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Army Seeks Claimants Under Retroactive Stop-Loss Special Pay Program

The 2009 War Supplemental Appropriations Act directed all of the military services to pay members for time served from 11 September 2001 to 30 September 2009 under the stop-loss authority contained in Title 10, section 12305, of the U.S. Code. The retroactive stop-loss special pay (RSLSP) claim period ended on 30 September 2008; another program had previously been established to pay claimants for eligible periods from 1 October 2008 to the present. Those eligible receive $500 for each month served in stop-loss status. The Army estimates that 120,000 Soldiers, veterans, and survivors qualify for RSLSP, which is by far the highest estimate from any service.

The War Supplemental Appropriations Act, passed in June 2009, stipulated that the Army should begin to accept and process RSLSP claims on 21 October 2009. This gave the Compensation and Entitlements Branch in the Office of the Deputy Chief of Staff, G−1, just 5 months to design a process for collecting, reviewing, and paying claims.

Determining Who Is Eligible

The Army faced a number of challenges before the RSLSP program officially began. The underlying issue was the very notion of stop-loss. From the Army’s perspective, stop-loss was a force management tool, not a compensation tool. That is, tracking individual stop-loss for the purpose of future compensation was not of paramount importance.

G−1 worked to establish a list of “known” stop-loss Soldiers from the prescribed period to provide an estimate for Congress and a starting point for the Army’s RSLSP program. While the “known” list proved to be reasonably accurate, it did not always provide precise information for determining the time an individual served in a stop-loss status. In response, the Army moved forward by establishing a special program management office to handle RSLSP claims.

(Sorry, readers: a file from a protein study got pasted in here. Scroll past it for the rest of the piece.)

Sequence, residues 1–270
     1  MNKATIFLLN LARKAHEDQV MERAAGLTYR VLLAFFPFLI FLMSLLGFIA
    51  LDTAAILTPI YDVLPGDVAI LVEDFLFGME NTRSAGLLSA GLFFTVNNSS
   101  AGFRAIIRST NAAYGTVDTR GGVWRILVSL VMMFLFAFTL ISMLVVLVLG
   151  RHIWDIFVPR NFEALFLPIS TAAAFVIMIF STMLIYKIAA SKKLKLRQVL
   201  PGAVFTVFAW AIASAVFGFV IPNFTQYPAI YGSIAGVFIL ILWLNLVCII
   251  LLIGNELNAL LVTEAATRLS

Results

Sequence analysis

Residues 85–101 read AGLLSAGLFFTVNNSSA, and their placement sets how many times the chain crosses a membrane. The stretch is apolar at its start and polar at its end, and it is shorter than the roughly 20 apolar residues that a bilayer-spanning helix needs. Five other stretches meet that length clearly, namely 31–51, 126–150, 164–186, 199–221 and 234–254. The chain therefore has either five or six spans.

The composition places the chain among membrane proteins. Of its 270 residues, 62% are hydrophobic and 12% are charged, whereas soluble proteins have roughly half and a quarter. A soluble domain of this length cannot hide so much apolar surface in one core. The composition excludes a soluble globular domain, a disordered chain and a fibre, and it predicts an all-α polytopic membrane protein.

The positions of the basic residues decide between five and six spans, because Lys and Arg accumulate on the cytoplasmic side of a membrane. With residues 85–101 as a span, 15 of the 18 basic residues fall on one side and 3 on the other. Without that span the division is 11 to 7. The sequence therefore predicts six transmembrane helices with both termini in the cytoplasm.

Work at the RSLSP Program Management Office (PMO) began in earnest before the official launch date. The Army developed and launched a web-based e-file application for those eligible to submit claims and released eligibility requirements through a number of media announcements and an All Army Activities message.

According to a G−1 fact sheet, those eligible include—

Service members, including members of the Reserve components and former and retired members who, at any time between 11 September 2001 and 30 September 2008, served on active duty while their enlistment or period of obligated service was extended or whose eligibility for retirement was suspended from one of the following:

  • Contractual expiration of term of service (ETS), expiration of active service (EAS), or Reserve end of current contract (RECC); or
  • An approved separation date based on an unqualified resignation request or release from active duty (REFRAD) order; or
  • An approved retirement based on length of service.

Service members who were discharged or released from the Armed Forces under other than honorable conditions are not permitted to receive retroactive stop-loss special pay.

The PMO established a case management team to begin reviewing and processing claims for payment. A number of issues have become apparent as case managers work to reconcile personnel records with an individual’s claimed stop-loss period. Issues such as extensions, bonuses, and beneficiary status, along with other variables, complicate the adjudication process. As a result, in many instances, case managers work closely with claimants to develop and establish their stop-loss timeline.